Venus, the planet of love and art, harmony and sweetness, spends a long time in Aries, a sign that represents some quite contrary energies, in 2017. So we have an opportunity to look and think about how Venus behaves here. I’ve been looking at the charts of artists, fashion designers and film makers with Venus in Aries and seeing if this shows in their work.
Francisco de Goya, the Spanish painter, whose life spanned the end of the 18th and beginning of the 19th centuries, got into a spot of bother in 1808, even though he was a successful court painter. It was this picture of a woman lying naked on a couch that did it. He was hauled in by the Inquisition and only got off the hook when it was pointed out that a lot of earlier artists had done nudes and this was really a sort of homage to their work.
Of course, the painting is shocking — but today we can only see that when we start to compare it to previous nudes — and later ones. Look at the model’s gaze. She looks directly out of the canvas at you. This bold look is unprecedented. Nudes look down, look up, look sideways — anywhere but at the viewer. This boldness takes courage. This is Venus in Aries. It’s not until Edouard Manet’s Olympia, painted more than half a century later, that we see another naked woman staring out of the frame like this.
What’s more, this woman has pubic hair — a detail missing from other nudes.
In Goya’s powerfully dynamic natal chart, the tight stellium of Sun, Mercury, Venus is in conversation with Saturn in Libra. Indeed, like the painter and the Maja, they gaze boldly at each other from the sign of the individual to the sign of relationships.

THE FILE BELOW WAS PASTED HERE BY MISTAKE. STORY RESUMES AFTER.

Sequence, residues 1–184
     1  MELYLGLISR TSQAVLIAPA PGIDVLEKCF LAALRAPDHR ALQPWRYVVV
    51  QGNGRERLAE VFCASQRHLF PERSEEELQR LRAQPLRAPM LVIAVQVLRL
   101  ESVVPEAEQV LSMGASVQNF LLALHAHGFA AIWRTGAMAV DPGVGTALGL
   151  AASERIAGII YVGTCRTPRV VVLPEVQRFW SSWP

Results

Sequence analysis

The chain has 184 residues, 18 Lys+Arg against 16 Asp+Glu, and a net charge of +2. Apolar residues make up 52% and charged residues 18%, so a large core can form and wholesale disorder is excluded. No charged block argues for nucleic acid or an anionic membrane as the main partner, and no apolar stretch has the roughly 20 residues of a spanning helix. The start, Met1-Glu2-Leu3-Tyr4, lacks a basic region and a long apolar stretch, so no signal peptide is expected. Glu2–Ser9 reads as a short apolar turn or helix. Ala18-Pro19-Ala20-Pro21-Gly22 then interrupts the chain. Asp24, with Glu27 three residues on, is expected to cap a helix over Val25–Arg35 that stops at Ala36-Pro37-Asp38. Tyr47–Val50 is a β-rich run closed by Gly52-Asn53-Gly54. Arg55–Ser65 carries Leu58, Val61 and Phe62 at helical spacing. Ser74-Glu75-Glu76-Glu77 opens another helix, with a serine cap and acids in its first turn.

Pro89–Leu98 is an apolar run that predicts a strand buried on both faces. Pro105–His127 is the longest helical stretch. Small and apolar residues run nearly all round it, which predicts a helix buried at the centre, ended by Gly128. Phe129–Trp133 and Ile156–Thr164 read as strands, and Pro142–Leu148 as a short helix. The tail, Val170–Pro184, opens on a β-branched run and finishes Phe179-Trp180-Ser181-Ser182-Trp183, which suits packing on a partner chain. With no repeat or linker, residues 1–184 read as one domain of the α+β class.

But there’s another way that Venus in Aries, the sign of battle, works too. Few artists have depicted the pity and terror of war with such hair-raising, visceral horror as Francisco de Goya. During his lifetime, Spain was invaded and brutally occupied by Napoleon and his army.
Look at the gaze again in this painting, El Tres Mayo. Here is an opposition between the Spanish partisan and his French executioners, Venus-Sun-Mercury in Aries against Saturn in Libra. The bright white-shirted individual standing up to an army, cruel as slate.
This painting is often cited as the first modern work of art. There was nothing before like it in composition or subject matter. Aries, is, of course a pioneer; the first at something.
Goya’s dark side had already begun to emerge in the 1890s with a set of etchings, Los Caprichos, which depicted the follies and iniquities of contemporary society. You can see from his chart that his Venus-Sun in Aries connects tightly with Uranus in Aquarius, which suggests he would have been interested and engaged in society, and the human project.
Goya’s last big project was the Black Paintings. These nightmarish visions were painted on the plaster walls of his house — after the war, in exile from court, cut off by hearing loss. The conjunction of Moon and Neptune in Cancer would have given him a huge visual imagination. But how fascinating — how very Cancerian — to have literally painted these dreams on the walls of his home! So entering his house, you entered his subconscious.
But back to Venus (art) in Aries. Goya never stopped being angry (Aries) about the state of the world, it seems. And with that super-charged chart, he never stopped working either.